Please Note: This article is written for users of the following Microsoft Excel versions: 97, 2000, 2002, and 2003. If you are using a later version (Excel 2007 or later), this tip may not work for you. For a version of this tip written specifically for later versions of Excel, click here: Parsing Non-Standard Date Formats.

Parsing Non-Standard Date Formats

by Allen Wyatt
(last updated July 11, 2015)

Bill is faced with the challenge of importing data into Excel that was originally created in other applications. The problem is that the data contains lots of dates, but they are in a format that Excel doesn't understand. For instance, the dates may be in the format 01.15.11 or 1.15.2011, neither of which is treated as a date by Excel. Bill wants to know how to convert the non-standard dates to a date format that Excel understands.

If the dates are in the same sequence format that you use in your regional settings, then converting is a snap. For instance, if your regional settings use the date format MDY (month followed by day followed by year), and the date you are importing is in the same format, then you can simply select the cells and replace the periods with a slash. When Excel changes 1.15.2011 to 1/15/2011, it automatically parses the result as a date.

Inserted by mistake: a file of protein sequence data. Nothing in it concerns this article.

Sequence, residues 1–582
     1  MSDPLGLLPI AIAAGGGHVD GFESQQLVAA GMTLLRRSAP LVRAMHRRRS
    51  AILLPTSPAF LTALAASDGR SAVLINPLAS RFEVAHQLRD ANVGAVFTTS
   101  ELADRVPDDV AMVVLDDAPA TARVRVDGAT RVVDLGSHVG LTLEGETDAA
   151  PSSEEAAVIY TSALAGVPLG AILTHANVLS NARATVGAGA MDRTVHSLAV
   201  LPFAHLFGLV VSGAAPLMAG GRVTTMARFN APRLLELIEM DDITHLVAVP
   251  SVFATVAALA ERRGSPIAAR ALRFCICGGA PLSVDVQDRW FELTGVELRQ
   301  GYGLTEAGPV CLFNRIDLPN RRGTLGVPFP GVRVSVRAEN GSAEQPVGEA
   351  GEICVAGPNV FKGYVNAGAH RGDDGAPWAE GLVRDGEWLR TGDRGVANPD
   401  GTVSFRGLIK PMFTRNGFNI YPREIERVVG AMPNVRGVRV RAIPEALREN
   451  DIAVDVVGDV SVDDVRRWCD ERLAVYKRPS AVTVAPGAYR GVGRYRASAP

If the format you are importing doesn't match your regional settings, then you need to shuffle around the date into the same format. For instance, if the date you are importing is 01.10.11 (January 10, 2011), and your system would interpret this as October 1, 2011, then the easiest way is to separate the date into individual components, and then put them back together. Follow these general steps:

  1. Insert three blank columns to the right of the date column.
  2. Select the cells containing the non-standard dates.
  3. Using the Text to Columns Wizard (Data | Text to Columns) choose delimited data and use a period as the delimiter. After the wizard is done, you end up with three columns containing the month, day, and year.
  4. In the remaining blank column, enter a formula such as the following: